The implementation of the nursing care plan involves putting the plan into action in order to achieve the set goals and objectives (Arries 2002:250).

In the critical care units, nurses are expected to work to many standards, guidelines, protocols and current evidence-based practices that are related to patient care (Elliott et al. 2007:187) and it is the shift leader’s duty to oversee that the nurses adhere to these standards.

During implementation of the plan the nurses need cognitive, interpersonal and technical skills. The cognitive skills include problem solving, decision making, critical thinking and creativity. Interpersonal skills are all the activities, both verbal and non-verbal, that are used to interact with one another. Good communication and multiprofessional collaboration are vital in providing holistic care for the patient in the intensive care unit. Technical skills are purposeful skills such as operating equipment. Nurses choose one or more actions that will be effective to achieve the goals that were set. These decisions are usually based on knowledge and experience (Berman et al. 2008:223, 224, 233; Van Rooyen & Jordan 2009:325; Elliott et al. 2007:187).

Table 1: Sample profile.

Evaluation
The evaluation of a patient may be seen as a planned, ongoing and purposeful activity during which the intensive care nurse and shift leader determine whether the patient is making progress towards recovery. Evaluation is continuous and should be done while a nursing intervention is being implemented, or directly afterwards, to allow the nurse to make on-the-spot modifications. Noting the reaction of the patient to treatment can make the difference between life and death (Berman et al. 2008:235).

To enable the shift leader to be competent, leadership skills are essential. Leadership may be seen as a multifaceted process, with the leader showing skills such as approachability, motivating team members, creating a learning environment, promoting autonomy amongst staff and managing conflict situations (Davidson, Elliott & Daly 2006:182; Mathena 2002:140; Berggren & Severinsson 2003:616).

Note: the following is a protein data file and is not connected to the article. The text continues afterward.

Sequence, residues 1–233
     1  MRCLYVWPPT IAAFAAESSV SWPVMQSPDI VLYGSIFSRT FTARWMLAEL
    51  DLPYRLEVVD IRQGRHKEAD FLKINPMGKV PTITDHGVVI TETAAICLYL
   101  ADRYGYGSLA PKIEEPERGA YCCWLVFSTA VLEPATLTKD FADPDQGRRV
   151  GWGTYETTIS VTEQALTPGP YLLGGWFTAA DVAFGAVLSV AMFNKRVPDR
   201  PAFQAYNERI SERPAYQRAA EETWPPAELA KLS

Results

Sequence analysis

Intensive care nurses are exposed to rapidly expanding medical technologies, which brings certain ethical dilemmas (Le Blanc et al. 2001:461). The shift leader should be competent in clinical decision making in a situation with ethical consequences, like identifying organ donors or protecting patients during clinical research trials. Byers (2004:52) states that patients in the intensive care area are exceedingly vulnerable from a research perspective and may, because of cognitive impairment, depend on members of the health care team to protect their interests.

Research design

Research approach and method

A quantitative descriptive design was used to describe the essential, critical and specific clinical competencies of the shift leaders in the intensive care unit and to explore and describe the gap between expected and actual competency of the shift leader in the intensive care unit. Quantitative studies may be seen as the study of a phenomenon that lends itself to precise measurement (Polit, Beck & Hungler 2001:469). Descriptive study designs may be used to gain more information regarding the characteristics of a certain topic (Burns & Grove 2005:232).